13 Replies
          1. re: george2

            Ah, that's a good one, I forgot about the crappy stems! I guess I'm ok with a red-sauce Italian restaurant in S Philly having crappy little glasses that hold 2 ounces. That's tradition.

            But if you are trying to position your restaurant at a fine dining BYOB (or even non-BYOB), how can you do it was spaghetti-and-meatball glasses? The sophistication of the dining public is rising every year, and more and more people know the difference and care about it. Get some good Guy DeGrenne or Schott Zwiesel restaurant series glasses. They are not very expensive, and pretty strong. Or even get some high-end glasses and keep them in the back for those special bottles of wine that sometimes show up (if you want, charge $10 to use them).

            As far as overhead/labor costs for wine service, that's a red herring argument. Any good business should charge what it takes to make an acceptable profit. If you are loosing money, for whatever reason, charge more or find a business you can make a profit at. Corkage isn't to pay for the labor, it's to compensate for the lost profit when someone doesn't buy off the wine list. Which is why few no-liquor license restaurant charge corkage, whether in PA or elsewhere. Either way, they still have to provide glassware.

            Riedel makes a good bag that holds 5 glasses (at best 3-4 if you are carrying big burg glasses. I've been known to show up with two of them!


            I usually do 3 cab, 1 white, and 1 dessert glass/bag.

            LOL, no hints, to protect the not-so-innocent. But I will say the best wine BYOB wine service tends to be long-standing favorites that all the winos go to, like Blackfish and Bibou (Harold and Hans know their stuff).

            1. re: PhillyBestBYOB

              At all the BYOB's I can think of locally, corkage, at best, covers the cost of buying, replacing, washing and storing stemware. Bibou has no corkage and IIRC not so long ago people were whining about the nominal fee at Blackfish. Even break resistant glasses break with surprising frequency. Ask the owners of any restaurant that uses them.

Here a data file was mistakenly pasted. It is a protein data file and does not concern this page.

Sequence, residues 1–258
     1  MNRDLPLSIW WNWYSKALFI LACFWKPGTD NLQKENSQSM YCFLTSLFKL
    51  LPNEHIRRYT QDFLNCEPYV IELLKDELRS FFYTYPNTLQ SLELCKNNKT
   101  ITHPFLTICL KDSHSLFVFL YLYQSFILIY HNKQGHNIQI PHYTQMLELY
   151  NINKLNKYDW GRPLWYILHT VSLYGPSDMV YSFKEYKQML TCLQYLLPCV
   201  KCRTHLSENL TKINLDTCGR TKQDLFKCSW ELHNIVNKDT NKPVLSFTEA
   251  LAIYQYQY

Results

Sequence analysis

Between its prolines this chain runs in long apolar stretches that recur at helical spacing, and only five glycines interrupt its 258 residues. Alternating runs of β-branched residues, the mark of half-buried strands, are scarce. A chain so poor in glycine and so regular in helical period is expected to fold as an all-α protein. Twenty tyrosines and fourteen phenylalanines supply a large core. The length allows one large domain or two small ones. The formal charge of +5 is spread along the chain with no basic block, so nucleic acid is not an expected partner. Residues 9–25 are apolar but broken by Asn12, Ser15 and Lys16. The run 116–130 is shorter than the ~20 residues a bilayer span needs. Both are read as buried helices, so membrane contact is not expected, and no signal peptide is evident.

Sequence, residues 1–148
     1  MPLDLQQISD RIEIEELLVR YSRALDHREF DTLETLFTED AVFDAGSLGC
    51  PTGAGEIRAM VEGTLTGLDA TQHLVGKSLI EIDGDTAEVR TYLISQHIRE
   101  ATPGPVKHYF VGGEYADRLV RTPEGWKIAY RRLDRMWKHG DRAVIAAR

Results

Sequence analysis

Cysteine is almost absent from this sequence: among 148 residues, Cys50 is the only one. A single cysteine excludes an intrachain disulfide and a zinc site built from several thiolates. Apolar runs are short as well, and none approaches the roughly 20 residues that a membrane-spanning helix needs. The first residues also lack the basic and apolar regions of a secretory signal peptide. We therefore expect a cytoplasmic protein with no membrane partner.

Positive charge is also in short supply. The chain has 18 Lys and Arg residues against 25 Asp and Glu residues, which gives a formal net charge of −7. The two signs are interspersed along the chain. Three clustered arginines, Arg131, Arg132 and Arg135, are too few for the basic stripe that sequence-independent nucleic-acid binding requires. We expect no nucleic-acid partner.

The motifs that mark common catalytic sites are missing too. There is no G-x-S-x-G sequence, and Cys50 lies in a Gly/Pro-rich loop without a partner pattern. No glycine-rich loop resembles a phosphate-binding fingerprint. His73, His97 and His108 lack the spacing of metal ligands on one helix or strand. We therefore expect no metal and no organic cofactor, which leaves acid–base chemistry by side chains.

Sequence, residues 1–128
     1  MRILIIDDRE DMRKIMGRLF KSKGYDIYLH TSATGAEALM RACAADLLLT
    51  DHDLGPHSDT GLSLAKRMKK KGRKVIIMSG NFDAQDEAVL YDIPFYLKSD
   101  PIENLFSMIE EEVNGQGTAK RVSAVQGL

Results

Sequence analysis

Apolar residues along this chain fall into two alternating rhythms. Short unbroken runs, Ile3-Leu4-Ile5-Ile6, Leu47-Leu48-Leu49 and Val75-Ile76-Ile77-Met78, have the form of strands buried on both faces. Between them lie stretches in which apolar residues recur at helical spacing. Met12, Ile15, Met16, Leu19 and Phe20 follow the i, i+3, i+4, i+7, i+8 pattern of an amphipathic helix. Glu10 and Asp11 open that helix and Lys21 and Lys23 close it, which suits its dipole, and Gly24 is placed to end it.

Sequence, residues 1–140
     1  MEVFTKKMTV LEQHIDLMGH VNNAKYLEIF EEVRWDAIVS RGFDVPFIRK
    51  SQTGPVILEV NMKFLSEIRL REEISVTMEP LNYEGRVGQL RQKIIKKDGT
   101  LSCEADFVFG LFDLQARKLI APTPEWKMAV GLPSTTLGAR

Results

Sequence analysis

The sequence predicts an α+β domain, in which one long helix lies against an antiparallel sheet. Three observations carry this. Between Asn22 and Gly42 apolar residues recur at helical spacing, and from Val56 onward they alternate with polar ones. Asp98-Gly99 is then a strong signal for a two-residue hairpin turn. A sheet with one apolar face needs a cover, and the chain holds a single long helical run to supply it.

If a restaurant sells wine, then corkage is a legitimate way to partially make up for lost revenue.

              The issue you're talking about is service, and your gripe has some legitimacy in some places. Restaurants need to train staff how to open and serve wine. Most give perfunctory instruction. Dealing with a recalcitrant cork is difficult for even some sommeliers, but it is reasonable to expect servers not to spill or over pour.

              Wine and dining out should be fun, regardless of the cost of the bottle, stemware or how upscale the restaurant is. If the server doesn't "know their stuff," so what? If decanting is really important, I filter and decant at home, refill the bottle and replace the cork. Once, at Django, I brought my own decanter, and so can you.

              I know it was tongue-in-cheek when you wrote, " They should have guessed I'd be a pain-in-the-ass when I showed up with my own glasses!", but having worked FOH and BOH, nobody likes a PITA.

              Take a dram of single malt and relax, it's only wine. ;)

              1. re: george2

                Single malt Irish preferably.

                But again, very few BYOBs around Philly charge corkage, which is also true outside of PA. Blackfish is my only regular haunt that does, and it's never really made sense to me ($2 is kinda ridiculous, that can't amount to much money over the course of the evening!).

                Interestingly, I also posted this on Facebook and a hostess at one of the top restaurants in Philly, a BYOB, (formerly from one of the top 5 restaurants in the US and married to a chef), replied back offline that it really is amazing to them how little interest Philly restaurants have in good wine service.